Let’s face facts. With around two billion cell phone users in the world, the cell phone is the go-to place if you want fast market traction for new services.
JAJAH – the company that wants to make VoIP a no-brainer for those of us who regard any change in our habits as problematic – is bringing its service to your cell phone. Early this year, JAJAH launched its Web-centric VoIP calling — simply put in your number and the number you want to call and JAJAH places the call and rings your phone. Today the company rolled out its JAJAH Mobile Suite at the DEMO conference in San Diego.
The new service works with Symbian™ S60 version 7.x or 8.x and Java-based (J2ME) phones — regardless of carrier, manufacturer or calling agreement, according to JAJAH VP of marketing Don Thorson. This includes many Motorola, Nokia and Samsung phones.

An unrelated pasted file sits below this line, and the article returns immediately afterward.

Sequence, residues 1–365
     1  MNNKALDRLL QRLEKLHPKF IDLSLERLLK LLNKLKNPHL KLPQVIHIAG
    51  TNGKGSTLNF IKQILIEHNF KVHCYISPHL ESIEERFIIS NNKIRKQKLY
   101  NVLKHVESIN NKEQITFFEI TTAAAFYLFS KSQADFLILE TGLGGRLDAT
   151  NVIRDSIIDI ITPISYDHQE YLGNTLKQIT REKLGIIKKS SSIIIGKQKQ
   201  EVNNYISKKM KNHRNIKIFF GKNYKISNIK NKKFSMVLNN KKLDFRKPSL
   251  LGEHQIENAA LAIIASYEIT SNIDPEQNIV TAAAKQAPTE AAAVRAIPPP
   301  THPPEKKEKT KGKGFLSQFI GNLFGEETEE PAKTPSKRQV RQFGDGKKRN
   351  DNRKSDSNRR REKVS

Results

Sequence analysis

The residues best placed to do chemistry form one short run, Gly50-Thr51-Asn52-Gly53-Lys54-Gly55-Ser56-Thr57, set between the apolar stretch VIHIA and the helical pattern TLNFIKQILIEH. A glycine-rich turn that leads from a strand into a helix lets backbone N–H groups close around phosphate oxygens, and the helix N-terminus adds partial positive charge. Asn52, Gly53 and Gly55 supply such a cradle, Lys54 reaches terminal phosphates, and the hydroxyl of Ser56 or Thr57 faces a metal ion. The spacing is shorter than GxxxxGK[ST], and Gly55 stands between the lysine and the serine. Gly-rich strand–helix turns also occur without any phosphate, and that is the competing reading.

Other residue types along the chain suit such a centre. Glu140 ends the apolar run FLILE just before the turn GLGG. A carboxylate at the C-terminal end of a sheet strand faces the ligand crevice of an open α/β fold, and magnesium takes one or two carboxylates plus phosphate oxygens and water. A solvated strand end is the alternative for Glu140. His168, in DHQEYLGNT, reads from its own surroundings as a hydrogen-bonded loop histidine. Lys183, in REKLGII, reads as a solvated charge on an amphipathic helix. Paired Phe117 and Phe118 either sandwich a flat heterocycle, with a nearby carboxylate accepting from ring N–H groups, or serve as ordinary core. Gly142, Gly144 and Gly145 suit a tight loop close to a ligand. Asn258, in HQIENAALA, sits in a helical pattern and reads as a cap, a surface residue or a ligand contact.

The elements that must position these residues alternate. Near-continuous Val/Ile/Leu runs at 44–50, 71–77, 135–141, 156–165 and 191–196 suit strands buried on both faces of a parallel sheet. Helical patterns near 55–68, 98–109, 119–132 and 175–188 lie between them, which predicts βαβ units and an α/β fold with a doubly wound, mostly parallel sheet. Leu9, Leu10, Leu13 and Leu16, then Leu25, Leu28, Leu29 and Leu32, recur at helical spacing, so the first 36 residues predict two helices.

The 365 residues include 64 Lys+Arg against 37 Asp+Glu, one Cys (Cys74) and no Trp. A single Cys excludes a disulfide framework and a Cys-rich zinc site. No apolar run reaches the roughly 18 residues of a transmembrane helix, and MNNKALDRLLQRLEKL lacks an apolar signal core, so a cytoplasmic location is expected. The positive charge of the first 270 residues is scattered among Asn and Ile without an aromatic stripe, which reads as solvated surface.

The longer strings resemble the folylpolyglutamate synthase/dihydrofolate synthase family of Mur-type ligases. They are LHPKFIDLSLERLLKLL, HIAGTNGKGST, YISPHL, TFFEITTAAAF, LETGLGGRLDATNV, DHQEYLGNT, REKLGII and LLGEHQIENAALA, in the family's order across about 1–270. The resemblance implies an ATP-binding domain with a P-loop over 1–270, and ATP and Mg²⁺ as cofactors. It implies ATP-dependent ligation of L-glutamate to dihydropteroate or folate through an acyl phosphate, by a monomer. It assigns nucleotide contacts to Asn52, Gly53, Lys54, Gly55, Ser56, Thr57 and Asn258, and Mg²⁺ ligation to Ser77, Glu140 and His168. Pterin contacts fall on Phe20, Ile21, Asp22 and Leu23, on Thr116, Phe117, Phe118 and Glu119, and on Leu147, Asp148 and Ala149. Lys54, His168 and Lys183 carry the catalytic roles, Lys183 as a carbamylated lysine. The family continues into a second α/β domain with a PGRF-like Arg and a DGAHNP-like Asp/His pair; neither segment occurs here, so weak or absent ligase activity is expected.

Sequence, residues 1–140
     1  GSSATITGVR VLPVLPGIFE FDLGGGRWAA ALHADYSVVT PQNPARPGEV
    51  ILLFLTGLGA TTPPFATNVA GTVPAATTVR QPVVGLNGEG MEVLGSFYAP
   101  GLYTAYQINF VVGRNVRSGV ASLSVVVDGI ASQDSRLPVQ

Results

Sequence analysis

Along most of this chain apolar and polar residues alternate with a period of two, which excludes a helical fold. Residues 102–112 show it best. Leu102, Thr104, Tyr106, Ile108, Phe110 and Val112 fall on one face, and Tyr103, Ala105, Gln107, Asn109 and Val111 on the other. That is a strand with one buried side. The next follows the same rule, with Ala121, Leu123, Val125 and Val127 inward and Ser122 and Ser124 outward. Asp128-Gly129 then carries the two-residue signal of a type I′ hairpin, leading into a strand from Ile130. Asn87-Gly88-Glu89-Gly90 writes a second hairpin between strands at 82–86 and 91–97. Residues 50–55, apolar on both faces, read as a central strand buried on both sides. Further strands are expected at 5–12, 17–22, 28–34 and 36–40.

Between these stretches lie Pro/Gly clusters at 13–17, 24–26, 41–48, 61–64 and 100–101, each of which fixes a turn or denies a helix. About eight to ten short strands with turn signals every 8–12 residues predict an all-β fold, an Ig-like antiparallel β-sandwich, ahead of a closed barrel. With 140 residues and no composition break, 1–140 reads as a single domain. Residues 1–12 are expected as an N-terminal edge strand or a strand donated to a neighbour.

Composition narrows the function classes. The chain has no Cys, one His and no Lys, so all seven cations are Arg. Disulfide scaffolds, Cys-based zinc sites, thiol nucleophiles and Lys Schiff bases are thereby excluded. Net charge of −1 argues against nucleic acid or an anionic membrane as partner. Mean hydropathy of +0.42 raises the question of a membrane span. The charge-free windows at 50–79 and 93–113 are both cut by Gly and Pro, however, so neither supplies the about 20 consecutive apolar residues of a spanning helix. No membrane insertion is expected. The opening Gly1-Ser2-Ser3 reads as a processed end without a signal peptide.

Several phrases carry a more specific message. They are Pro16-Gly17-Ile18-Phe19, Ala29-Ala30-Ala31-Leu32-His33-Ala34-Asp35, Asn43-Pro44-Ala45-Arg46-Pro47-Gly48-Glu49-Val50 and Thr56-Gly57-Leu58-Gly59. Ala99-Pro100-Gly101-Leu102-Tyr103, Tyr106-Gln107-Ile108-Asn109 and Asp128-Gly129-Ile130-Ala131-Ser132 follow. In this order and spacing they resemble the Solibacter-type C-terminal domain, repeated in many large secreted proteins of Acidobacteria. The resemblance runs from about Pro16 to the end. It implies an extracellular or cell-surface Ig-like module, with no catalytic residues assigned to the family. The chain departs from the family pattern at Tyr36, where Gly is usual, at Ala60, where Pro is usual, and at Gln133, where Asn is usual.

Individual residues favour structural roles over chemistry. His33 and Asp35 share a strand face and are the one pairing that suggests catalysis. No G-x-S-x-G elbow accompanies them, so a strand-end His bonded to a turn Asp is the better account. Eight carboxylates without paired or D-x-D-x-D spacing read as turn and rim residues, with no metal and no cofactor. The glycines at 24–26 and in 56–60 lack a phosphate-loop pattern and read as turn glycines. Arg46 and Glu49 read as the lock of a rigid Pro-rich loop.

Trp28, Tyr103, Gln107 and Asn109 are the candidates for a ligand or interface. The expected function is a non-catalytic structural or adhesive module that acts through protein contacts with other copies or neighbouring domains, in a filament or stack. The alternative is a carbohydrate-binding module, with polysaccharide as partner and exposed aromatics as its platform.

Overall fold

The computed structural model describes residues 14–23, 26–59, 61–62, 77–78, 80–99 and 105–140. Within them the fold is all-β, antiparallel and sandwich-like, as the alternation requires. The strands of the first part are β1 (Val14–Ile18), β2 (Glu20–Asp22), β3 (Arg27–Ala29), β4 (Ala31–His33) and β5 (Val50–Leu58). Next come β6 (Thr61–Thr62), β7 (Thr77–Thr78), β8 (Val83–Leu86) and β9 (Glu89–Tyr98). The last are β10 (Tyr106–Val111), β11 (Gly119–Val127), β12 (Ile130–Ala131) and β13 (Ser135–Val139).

The company aims for the same users that PeerMe is targeting with its EV-DO VoIP calling: overseas callers. However, JAJAH doesn’t require you to sign up for a cell provider’s broadband Internet service. Instead, calls are routed through the JAJAH network for a fraction of the cost of placing the call through the cell phone network. Simple. No special equipment. No new routine to learn. Simply download the software plug-in from JAJAH’s site and start dialing.
The service is fee-based. Registration is free and includes $5.00 worth of free calls. Calls within the US, Canada, China, Singapore and Hong Kong are free. Other calls range from $.02 a minute to $.65 a minute for cell calls to places like Afghanistan and Albania.
JAJAH also offers conference calling at a fraction of the cost of conventional conference calling services as well as scheduled calls hours or days in advance so you’ll never miss your mother-in-law’s birthday. In a synergy that the Web 2.0 evangelists have to love, JAJAH is promoting this with a YouTube video (YouTube – JAJAH Conference Calls). In addition, JAJAH offers extensions and plug-ins for Microsoft Outlook, Mac OS X Address Book, Firefox, Google and Plaxo.
The new service is a logical one for a company whose operations span the globe. “We have engineers in Tel Aviv, PR agencies in London and New York, and support in Vienna, Austria, so we’re on the phone all the time,” says Thorson.
As they say, necessity is the mother of invention.